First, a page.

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The Ultimate Practice Management System
Here I'm going to put some of my thoughts on what I think the ultimate small law department system would include. In summary, that system would integrate all of the tools discussed in the materials on technology options and integrate them into one coherent, easy-to-learn and use system.
More than just integration is needed. We need better ways to organize information, organize workflow, organize teams, and interact with people, systems, and devices. Many practice management systems now include collaboration features. Article.
Why haven't practice management products made much of an impact in the corporate legal world? In part it may be because so many of the existing products are just plain boring. Many of the existing practice management tools have all the sex appeal of an Excel spreadsheet. At first glance, it's hard to see the differences between many of the products. The screens feature tables and data fields that tend to have very similar looks.
Although it is not targeted at the corporate legal market, Amicus Attorney stands out as the product that probably has the best visual presentation. Here's an example of what files look like in Amicus Attorney. Other screens are similar, giving the product a very familiar feel, even for novice users.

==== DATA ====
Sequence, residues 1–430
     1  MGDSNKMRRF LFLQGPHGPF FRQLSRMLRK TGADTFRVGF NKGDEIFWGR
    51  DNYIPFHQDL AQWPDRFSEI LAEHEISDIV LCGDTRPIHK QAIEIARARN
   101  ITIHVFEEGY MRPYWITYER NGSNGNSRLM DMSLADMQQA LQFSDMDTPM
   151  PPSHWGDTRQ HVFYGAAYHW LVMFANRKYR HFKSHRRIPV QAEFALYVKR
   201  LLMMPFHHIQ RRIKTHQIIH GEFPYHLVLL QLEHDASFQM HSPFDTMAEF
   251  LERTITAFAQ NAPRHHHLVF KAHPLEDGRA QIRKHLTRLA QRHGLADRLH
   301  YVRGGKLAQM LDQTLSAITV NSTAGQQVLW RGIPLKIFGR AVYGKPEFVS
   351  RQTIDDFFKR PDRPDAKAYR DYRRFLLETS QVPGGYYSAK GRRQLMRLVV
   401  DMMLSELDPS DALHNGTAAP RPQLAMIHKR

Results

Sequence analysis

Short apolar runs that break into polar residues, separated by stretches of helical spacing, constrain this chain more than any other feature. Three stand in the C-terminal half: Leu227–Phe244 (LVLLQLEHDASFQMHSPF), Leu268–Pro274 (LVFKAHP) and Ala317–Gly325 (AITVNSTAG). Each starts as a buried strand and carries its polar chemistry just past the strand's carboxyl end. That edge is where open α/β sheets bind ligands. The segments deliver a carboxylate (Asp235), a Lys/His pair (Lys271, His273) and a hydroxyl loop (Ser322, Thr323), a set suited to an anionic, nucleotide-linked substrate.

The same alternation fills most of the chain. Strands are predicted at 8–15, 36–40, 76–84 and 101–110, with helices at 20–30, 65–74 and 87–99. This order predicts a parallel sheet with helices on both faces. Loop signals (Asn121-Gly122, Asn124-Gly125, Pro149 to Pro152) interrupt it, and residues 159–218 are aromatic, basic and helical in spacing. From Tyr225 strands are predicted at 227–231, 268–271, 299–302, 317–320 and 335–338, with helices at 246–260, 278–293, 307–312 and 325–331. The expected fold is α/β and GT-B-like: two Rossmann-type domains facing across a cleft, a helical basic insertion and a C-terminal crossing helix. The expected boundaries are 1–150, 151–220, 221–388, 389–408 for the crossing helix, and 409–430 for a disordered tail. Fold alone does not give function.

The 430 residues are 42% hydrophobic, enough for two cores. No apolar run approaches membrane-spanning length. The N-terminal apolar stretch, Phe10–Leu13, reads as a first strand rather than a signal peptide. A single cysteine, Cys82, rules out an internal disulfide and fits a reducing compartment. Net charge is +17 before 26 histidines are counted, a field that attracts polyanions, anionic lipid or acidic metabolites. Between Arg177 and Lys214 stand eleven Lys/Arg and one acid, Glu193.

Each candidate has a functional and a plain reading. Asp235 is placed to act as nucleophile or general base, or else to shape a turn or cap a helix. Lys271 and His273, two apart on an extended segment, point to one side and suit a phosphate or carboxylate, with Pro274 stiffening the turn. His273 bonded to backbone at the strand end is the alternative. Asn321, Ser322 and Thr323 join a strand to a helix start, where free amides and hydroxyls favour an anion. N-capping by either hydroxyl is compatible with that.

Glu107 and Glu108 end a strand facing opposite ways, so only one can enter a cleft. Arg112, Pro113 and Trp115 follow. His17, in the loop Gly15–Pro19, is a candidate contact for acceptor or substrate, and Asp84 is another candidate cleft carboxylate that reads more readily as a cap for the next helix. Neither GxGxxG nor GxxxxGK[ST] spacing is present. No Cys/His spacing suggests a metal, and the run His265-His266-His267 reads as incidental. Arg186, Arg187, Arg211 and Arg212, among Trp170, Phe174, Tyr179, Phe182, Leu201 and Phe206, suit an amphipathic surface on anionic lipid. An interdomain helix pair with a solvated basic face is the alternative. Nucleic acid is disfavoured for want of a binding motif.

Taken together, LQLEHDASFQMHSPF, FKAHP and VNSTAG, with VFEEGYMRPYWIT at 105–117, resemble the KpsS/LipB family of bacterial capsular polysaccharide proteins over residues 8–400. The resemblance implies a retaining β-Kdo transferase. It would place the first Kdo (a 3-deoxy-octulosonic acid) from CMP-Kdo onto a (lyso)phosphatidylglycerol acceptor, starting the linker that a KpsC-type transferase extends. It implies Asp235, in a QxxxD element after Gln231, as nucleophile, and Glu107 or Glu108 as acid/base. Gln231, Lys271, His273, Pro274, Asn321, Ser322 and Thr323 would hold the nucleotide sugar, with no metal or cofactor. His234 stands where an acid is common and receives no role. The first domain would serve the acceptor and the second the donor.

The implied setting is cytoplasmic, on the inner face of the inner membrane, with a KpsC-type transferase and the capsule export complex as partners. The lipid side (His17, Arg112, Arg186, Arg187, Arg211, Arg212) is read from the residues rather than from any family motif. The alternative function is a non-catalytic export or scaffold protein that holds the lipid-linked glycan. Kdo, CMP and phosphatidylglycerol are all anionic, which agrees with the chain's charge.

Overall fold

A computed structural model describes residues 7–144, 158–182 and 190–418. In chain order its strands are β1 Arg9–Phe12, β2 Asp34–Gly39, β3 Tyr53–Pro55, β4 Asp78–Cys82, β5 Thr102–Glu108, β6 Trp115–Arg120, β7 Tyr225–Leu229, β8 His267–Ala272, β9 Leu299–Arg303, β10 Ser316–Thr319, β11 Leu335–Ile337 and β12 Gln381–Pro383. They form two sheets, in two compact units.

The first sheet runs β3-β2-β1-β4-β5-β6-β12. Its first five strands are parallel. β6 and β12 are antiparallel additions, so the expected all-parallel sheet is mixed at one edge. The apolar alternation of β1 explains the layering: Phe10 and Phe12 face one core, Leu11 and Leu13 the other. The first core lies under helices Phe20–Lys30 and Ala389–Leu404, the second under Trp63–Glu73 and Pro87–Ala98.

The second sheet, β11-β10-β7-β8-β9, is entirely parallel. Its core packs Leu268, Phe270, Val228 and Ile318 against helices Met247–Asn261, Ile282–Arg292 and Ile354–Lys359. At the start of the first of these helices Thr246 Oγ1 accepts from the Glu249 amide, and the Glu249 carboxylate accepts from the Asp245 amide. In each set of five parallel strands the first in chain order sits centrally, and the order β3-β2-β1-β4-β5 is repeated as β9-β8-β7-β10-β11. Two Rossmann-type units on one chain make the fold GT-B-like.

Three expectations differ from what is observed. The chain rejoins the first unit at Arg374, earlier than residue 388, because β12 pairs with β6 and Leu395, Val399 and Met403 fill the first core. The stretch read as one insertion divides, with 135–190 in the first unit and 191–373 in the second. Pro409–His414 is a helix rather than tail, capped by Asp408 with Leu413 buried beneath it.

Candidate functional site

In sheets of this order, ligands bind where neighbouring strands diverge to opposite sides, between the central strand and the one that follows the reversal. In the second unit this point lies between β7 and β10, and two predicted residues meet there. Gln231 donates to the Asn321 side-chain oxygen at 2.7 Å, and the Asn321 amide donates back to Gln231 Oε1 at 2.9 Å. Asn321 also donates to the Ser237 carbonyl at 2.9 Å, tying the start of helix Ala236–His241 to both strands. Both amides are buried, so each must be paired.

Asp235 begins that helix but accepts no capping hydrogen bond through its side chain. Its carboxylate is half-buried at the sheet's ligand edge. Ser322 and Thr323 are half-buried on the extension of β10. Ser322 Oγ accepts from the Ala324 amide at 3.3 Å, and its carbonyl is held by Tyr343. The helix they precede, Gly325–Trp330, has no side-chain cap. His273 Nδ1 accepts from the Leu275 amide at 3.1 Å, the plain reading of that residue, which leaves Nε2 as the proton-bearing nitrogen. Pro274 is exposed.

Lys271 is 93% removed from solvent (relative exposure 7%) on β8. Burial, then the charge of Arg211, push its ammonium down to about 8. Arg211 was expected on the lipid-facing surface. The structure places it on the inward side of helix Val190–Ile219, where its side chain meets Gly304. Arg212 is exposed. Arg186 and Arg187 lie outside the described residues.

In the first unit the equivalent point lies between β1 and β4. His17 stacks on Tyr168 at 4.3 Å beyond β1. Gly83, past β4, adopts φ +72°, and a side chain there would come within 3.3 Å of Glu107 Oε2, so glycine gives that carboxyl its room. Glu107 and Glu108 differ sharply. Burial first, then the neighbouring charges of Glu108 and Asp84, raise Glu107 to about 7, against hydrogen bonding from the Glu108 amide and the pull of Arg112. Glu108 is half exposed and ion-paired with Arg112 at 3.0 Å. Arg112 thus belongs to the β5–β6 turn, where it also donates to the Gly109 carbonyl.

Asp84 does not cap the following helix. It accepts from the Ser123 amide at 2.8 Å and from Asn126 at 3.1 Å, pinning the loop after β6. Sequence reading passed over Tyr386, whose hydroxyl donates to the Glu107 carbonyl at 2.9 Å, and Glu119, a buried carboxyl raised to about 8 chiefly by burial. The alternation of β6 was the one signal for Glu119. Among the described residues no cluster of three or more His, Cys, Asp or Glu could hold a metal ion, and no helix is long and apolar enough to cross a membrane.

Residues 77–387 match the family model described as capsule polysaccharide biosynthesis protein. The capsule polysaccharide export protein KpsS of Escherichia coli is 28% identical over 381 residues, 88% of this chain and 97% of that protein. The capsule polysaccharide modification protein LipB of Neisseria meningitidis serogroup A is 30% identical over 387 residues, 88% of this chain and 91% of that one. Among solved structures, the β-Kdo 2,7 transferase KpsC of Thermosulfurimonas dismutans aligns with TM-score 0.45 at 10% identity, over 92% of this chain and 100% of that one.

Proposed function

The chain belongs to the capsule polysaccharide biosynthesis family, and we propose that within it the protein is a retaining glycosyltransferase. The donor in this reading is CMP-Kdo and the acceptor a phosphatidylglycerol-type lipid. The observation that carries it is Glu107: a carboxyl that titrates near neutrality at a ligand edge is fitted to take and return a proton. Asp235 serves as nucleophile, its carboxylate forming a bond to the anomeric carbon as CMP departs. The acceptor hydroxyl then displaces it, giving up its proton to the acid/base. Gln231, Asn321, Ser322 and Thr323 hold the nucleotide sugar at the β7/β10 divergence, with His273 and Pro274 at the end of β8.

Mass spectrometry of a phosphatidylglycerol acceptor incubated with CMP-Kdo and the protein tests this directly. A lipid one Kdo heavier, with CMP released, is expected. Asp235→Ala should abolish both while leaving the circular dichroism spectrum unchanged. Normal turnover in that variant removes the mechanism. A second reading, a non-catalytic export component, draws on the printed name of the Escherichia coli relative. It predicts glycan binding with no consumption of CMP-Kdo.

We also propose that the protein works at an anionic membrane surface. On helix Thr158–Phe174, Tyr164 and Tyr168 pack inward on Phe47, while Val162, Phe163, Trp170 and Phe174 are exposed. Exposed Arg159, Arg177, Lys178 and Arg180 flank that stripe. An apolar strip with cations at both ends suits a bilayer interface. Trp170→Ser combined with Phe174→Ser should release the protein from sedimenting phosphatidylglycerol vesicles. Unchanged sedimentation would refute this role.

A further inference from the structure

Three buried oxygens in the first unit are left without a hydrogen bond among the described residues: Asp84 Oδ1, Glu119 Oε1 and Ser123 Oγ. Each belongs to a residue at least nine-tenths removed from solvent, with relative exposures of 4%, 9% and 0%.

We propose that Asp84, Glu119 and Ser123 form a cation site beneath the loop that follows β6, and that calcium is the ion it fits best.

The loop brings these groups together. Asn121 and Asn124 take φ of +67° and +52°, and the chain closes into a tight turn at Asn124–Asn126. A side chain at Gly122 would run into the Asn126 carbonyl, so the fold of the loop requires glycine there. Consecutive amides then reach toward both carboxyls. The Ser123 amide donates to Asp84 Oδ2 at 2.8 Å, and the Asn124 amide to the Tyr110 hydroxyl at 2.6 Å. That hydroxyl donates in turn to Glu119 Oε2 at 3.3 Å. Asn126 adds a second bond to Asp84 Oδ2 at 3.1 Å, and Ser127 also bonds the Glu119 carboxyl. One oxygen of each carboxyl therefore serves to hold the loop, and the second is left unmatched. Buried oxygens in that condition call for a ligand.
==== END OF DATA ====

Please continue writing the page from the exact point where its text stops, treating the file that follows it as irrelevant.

If you go to some of the vendor websites in the list of practice management vendors, you'll see that many of them don't even show what their product looks like on the screen. In most cases, the look of the program is not a selling point or a feature that differentiates them from the competition. I think this needs to change.
We also need better ways of organizing and retrieving information, wherever that information resides. Document management systems that take a comprehensive approach to information management are getting better at this. Peer-to-peer systems are another approach. One interesting approach is provided by a new product called Scopeware.
More to come. . . .
Last updated: 05/11/01
Copyright 2001-2005 David A. Munn